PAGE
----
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A. Bosco, K. Cusato, P.G. Nicchia, A. Frigeri, D.C. Spray; Neuronal co–expression of Kir4.1 and aquaporin–4: switch from horizontal cells to Müller cells during retinal development. . Invest. Ophthalmol. Vis. Sci. 2004;45(13):5324.
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© ARVO (1962-2015); The Authors (2016-present)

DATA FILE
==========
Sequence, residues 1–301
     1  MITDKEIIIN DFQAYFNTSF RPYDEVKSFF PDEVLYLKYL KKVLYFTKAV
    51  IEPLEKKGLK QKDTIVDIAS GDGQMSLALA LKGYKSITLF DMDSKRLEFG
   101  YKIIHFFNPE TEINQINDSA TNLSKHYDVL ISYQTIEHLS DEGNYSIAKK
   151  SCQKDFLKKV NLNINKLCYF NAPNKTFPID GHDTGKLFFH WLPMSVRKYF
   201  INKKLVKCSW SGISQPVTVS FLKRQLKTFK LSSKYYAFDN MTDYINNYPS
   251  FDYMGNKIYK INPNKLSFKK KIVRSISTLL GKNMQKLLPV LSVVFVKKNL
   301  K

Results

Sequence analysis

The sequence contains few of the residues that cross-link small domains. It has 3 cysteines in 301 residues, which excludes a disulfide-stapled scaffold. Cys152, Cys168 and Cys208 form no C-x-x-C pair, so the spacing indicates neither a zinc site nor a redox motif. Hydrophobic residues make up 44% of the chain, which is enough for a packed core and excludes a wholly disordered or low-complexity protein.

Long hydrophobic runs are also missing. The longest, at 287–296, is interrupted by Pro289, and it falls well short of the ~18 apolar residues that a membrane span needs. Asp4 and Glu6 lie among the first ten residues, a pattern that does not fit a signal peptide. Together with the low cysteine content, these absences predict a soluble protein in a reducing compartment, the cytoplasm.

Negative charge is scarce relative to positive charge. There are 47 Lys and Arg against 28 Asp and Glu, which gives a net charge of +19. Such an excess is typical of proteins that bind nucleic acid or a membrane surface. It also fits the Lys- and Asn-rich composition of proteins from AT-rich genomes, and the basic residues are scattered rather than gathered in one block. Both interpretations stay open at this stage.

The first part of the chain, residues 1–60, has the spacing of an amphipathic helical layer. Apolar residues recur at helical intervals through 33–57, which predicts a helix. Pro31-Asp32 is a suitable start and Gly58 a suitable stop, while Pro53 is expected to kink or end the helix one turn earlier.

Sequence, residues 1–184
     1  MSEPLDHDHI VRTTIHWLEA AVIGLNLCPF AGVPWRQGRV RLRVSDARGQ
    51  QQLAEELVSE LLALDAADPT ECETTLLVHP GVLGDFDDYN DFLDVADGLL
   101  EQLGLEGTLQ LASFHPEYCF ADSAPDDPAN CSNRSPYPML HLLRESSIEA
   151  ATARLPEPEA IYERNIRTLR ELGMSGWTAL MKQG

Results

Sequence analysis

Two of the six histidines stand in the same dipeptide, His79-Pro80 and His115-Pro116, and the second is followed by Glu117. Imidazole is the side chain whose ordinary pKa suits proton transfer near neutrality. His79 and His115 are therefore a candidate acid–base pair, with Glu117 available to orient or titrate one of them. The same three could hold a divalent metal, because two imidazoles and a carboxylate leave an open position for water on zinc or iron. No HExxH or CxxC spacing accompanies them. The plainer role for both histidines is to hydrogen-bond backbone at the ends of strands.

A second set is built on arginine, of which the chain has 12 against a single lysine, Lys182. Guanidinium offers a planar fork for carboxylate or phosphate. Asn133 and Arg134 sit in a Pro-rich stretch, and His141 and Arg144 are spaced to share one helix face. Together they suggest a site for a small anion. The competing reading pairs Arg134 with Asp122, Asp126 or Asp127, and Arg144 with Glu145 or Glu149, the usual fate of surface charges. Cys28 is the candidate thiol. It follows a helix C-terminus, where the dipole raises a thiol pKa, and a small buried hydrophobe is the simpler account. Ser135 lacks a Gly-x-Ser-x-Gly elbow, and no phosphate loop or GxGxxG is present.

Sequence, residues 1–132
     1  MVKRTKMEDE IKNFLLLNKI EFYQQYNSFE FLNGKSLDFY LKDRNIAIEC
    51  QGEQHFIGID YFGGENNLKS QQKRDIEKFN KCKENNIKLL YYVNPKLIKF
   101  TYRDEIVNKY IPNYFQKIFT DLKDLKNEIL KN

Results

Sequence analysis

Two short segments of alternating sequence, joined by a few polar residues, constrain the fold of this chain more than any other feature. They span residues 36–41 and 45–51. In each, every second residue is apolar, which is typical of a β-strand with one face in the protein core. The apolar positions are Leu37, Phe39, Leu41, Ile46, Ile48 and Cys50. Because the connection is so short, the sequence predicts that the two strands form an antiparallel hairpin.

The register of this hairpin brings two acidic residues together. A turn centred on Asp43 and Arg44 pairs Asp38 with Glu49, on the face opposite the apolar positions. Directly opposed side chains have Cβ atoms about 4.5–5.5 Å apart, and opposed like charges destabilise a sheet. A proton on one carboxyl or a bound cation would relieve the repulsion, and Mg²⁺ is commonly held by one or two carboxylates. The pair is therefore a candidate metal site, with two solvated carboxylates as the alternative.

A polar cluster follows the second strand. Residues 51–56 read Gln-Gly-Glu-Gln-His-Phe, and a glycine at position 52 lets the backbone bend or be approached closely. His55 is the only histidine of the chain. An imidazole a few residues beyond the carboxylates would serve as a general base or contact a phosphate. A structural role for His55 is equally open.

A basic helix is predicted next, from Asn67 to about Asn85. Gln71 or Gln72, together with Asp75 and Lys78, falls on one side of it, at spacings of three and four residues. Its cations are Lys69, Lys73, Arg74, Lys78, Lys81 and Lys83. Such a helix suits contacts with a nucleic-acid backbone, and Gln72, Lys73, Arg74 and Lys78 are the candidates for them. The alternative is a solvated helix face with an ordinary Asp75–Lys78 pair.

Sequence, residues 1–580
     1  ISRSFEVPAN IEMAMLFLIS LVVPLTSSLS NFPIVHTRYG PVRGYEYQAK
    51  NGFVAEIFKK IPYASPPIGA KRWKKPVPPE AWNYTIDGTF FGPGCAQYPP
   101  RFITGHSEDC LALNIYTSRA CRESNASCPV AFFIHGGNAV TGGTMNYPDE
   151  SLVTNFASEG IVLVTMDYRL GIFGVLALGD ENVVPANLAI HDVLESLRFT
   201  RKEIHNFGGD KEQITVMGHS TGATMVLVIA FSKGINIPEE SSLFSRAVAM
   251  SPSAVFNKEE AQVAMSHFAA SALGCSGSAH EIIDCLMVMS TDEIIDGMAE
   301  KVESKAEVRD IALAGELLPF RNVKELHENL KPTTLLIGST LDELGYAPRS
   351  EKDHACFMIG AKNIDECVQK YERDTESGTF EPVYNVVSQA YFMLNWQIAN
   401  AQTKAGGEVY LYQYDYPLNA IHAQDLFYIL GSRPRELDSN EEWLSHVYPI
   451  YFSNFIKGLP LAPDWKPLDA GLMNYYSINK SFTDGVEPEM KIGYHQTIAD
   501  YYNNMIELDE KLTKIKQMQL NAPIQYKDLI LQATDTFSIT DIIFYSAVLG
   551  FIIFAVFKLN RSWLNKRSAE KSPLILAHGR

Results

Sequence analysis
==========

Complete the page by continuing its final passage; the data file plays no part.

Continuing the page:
Purpose: The inwardly rectifying potassium channel Kir4.1 and the water channel aquaporin–4 (AQP4) perform extracellular K+ siphoning and associated water redistribution in the retina. Recently, we reported the expression of AQP4 in retinal horizontal cells from E18.5 until P15, at which time AQP4 is detectable in Müller cells as well as in horizontal cells. We now describe the ontogeny of Kir4.1 and AQP4 immunoexpression in the mouse retina, both of which co–localized in horizontal cells from P0 to P12. Methods: Triple–immunofluorescence staining was performed on retinal whole mounts and cryosections, followed by confocal microscopy. Labeling for Kir4.1, AQP4 and selective neuronal and glial markers (calbindin; cellular retinal–binding protein, glial fibrillary associated protein; neurofilament; recoverin) were revealed with secondary antibodies coupled to Alexa Fluor. Results: In P0 retinas, Kir4.1 and AQP4 selectively co–localized in horizontal cell somata and processes. P9 retinas showed co–expression of Kir4.1 and AQP4 throughout whole layers of retina: in Müller endfeet, major processes in both inner and outer plexiform layers, outer limiting membrane, as well as in the inner nuclear layer. Strong immunoreactivity of Kir4.1 deprived of AQP4 was noticed in some calbindin–positive amacrine and ganglion cells. No staining of perivascular astrocytes was visualized. At P12, horizontal cells maintain their expression of Kir4.1 and AQP4. At P15, AQP4 labeling in horizontal cells persisted, while Kir4.1 labeling was undetectable. Amacrine cells also did not show Kir4.1 labeling at this age. Ganglion cells strongly labeled for Kir4.1, but not for AQP4. Müller cells showed a staining pattern similar to P9. Kir4.1 and AQP4 prominently co–localized on perivascular astrocytes in the vitreal surface, but not in the OPL blood vessels, where only AQP4 was present. Because of the strong labeling of Muller cell processes and of presumably ganglion cells in the vitreal surface it is not clear whether astrocytes contain Kir4.1 or not. Conclusions: This report of co–expression of Kir4.1 and AQP4 in horizontal cells during retinal development suggests the involvement of these neurons in water and extracellular K+ homeostasis.
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